Peruvian authorities have opened the Machu Picchu archaeological site for a single visitor, a Japanese tourist who had to wait almost seven months to enter the ancient Inca city after being trapped in the Andean country during the coronavirus pandemic.
Jesse Takayama’s visit to the ancient city was permitted following a special request he made while being stranded in mid-March in the city of Agua Calientes, in the mountains near the monument, explained Peruvian Culture Minister Alejandro Neyra.
“He came to Peru with the dream of being able to enter” the most representative example of Inca culture, Neyra said during a digital press conference. “The Japanese national entered the archaeological site along with its director, so that he could see it before returning to his country” , said the minister.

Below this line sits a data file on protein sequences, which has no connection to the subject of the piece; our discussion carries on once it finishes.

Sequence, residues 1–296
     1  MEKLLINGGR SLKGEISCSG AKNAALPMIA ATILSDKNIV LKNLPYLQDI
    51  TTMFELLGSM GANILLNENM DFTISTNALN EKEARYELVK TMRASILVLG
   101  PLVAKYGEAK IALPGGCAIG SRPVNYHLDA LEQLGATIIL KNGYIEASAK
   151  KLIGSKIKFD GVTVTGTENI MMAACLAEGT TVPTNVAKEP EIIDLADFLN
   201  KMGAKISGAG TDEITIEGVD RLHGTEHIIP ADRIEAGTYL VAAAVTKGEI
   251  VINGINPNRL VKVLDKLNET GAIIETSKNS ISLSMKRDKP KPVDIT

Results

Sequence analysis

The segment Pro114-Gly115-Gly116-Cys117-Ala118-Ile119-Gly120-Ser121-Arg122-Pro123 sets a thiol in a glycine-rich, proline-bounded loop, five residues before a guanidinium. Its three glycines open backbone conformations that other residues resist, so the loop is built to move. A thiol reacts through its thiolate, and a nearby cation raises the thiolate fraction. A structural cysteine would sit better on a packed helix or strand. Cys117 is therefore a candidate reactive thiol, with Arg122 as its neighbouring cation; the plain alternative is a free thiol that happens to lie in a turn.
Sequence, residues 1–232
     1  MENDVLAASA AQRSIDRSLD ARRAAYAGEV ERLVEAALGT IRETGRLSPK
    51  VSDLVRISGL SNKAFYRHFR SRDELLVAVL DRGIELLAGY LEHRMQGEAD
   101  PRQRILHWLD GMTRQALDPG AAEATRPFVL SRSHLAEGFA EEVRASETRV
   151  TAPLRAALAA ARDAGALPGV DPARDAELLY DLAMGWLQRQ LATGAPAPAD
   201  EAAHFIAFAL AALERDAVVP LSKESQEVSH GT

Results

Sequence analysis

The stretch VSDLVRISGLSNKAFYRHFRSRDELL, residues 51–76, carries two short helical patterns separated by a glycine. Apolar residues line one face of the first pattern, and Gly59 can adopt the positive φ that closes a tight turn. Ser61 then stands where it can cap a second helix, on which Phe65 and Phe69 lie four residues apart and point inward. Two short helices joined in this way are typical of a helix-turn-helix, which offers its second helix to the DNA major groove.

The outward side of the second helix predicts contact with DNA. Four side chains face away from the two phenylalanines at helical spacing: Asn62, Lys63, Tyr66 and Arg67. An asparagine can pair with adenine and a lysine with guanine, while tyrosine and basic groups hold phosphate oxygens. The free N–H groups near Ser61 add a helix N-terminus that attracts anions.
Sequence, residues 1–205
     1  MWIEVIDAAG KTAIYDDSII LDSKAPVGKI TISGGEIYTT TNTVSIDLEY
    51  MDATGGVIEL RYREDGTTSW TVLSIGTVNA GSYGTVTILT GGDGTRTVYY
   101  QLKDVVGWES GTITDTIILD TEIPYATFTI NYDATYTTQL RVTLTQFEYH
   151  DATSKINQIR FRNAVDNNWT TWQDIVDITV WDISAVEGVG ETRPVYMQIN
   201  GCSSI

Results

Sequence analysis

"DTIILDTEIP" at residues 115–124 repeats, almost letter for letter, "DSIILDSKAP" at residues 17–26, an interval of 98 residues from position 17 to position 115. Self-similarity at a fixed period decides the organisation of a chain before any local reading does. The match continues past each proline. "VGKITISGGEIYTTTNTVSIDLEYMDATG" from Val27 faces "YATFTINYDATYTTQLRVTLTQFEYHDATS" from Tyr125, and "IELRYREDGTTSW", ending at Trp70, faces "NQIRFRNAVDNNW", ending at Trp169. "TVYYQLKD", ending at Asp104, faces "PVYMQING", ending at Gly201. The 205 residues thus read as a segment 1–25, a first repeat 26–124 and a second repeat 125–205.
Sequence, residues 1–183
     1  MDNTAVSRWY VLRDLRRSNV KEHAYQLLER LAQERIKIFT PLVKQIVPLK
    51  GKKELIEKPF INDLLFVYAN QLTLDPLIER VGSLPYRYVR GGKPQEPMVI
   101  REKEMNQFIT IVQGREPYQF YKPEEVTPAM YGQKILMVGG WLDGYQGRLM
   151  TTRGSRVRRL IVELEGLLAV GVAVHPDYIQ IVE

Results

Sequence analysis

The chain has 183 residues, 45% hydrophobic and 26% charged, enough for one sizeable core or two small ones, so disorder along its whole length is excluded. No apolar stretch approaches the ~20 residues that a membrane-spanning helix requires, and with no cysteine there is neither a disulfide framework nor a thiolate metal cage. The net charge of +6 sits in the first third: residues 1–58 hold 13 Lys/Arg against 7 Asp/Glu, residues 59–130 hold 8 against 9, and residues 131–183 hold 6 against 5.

Takayama, holding the ticket he had bought in March, entered the site on Saturday. He thus became the first visitor able to tour this World Heritage Site in seven months. Initially, he had planned to spend only a few days in Peru, just to see Machu Picchu.
“It’s amazing. “Thank you!” Says Takayama in a video shot at the summit of Machu Picchu Mountain
Culture Minister Neyra promised that in November the archaeological site would reopen to Peruvians and foreigners who wish to visit it, without specifying an exact date. He noted that 30% of the usual number of visitors, which is 675 people a day, will be allowed to enter the site.
“We are still in the middle of a pandemic,” said Neyra, adding that the opening of the ancient city “will be done with all necessary measures taken”.